Tag Archives: Invention

Windshield Wiper Patented

November 10, 1903

On November 3, 1903, the US Patent Office issues US Patent 743,801 to Mary May Anderson for a “window cleaning device” for electric cars and other vehicles which is operated via a lever from inside the vehicle. Her version of windshield wipers closely resembles the windshield wiper found on many early car models, but Anderson’s is the first to be effective.

Anderson invents the device after observing a trolly car windshield on a frosty day covered in sleet. She is granted a 17-year patent for a windshield wiper device but tries to sell the rights in 1905 to a noted Canadian firm. They reject her application saying, “We do not consider it to be of such commercial value as would warrant our undertaking its sale.” After the patent expires in 1920 and the automobile manufacturing business has grown exponentially, windshield wipers using Anderson’s basic design become standard equipment on every new automobile.



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Edison Patents Phonograph

February 19, 1878

Thomas Alva Edison was awarded U.S. Patent No. 200,521 for the phonograph, the first device to both record sound and play it back.

The phonograph was a result of his work on two other devices, the telephone and the telegraph. Edison and his lab devised a system that transferred sound vibrations to an embossing point and then mechanically onto an impressionable medium—paraffin paper at first, and then a spinning, tin-foil wrapped cylinder. The December 22, 1877, issue of Scientific American reported that “Mr. Thomas A. Edison recently came into this office, placed a little machine on our desk, turned a crank, and the machine inquired as to our health, asked how we liked the phonograph, informed us that it was very well, and bid us a cordial good night.”

In the North American Review in June 1878, Edison offers the following possible uses:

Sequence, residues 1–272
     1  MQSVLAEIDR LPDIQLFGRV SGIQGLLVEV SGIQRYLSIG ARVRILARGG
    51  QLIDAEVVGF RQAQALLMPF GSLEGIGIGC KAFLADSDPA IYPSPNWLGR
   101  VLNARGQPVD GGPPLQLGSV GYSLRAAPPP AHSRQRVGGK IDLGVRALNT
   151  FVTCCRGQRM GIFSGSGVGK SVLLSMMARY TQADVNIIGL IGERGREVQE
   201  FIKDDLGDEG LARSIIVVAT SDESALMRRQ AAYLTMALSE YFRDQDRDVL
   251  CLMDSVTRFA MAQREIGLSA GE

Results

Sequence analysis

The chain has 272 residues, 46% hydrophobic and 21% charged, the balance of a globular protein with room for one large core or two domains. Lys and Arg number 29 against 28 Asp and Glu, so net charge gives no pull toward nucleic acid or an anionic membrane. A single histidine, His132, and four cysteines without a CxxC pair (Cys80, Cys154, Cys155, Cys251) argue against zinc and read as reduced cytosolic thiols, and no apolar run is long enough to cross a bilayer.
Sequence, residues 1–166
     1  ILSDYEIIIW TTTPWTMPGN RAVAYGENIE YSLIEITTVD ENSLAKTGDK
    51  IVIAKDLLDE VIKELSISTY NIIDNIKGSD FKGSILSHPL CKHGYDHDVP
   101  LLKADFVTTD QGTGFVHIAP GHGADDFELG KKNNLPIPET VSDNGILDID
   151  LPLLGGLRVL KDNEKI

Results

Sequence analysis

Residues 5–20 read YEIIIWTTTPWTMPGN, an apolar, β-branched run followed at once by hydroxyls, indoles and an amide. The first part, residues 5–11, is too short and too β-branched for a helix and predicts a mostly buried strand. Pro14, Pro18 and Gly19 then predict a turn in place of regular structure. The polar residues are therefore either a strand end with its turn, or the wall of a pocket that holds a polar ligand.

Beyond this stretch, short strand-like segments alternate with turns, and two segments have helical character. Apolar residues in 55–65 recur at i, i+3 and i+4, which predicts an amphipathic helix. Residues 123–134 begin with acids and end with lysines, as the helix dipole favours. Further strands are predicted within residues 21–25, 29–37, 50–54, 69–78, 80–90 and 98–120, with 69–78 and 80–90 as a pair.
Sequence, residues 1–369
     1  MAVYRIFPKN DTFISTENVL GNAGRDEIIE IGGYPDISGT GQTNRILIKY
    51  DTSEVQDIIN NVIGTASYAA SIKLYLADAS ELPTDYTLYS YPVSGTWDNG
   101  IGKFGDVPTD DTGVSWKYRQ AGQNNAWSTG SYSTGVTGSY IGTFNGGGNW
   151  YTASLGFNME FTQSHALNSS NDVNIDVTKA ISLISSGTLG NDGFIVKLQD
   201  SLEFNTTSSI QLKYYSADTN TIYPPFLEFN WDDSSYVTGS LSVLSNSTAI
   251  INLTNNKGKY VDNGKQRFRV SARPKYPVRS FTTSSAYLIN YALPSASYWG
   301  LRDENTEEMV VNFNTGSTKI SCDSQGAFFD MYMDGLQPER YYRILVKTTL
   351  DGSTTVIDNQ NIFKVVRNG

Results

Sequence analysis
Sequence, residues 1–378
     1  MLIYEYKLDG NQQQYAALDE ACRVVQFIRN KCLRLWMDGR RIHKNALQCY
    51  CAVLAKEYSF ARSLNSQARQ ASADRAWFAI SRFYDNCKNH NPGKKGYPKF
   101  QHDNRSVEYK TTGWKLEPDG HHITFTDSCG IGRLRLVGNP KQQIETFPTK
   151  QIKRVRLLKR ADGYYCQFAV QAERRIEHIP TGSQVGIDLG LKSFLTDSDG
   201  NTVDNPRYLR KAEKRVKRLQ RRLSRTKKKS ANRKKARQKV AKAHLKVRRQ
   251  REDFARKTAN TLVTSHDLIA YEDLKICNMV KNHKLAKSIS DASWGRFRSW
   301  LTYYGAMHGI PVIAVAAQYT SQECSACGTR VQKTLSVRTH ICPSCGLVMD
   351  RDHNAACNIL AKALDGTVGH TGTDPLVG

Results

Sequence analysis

1. Letter writing and all kind of dictation without the aid of a stenographer.
2. Phonographic books, which will speak to blind people without effort on their part.
3. The teaching of elocution.
4. Reproduction of music.
5. The “Family Record” — a registry of sayings, reminiscences, etc., by members of a family in their own voices, and of the last words of dying persons.
6. Music boxes and toys.
7. Clocks that should announce in articulate speech the time for going home, going to meals, etc.
8. The preservation of languages by exact reproduction of the manner of pronouncing.
9. Educational purposes; such as preserving the explanation made by a teacher so that a pupil can refer to them at any moment, and spelling or other lessons placed upont he phonograph for convenience in committing to memory.
10. Connection with the telephone, so as to make that instrument an auxiliary in the transmission of permanent and invaluable records, instead of being the recipient of momentary and fleeting communication. (source)

Alexander Graham Bell significantly improves the phonograph with the development of the engraved wax cylinder and patents this technology calling it the graphophone. In 1888 Edison unveils the Improved Phonograph which closely follows Bell’s invention.

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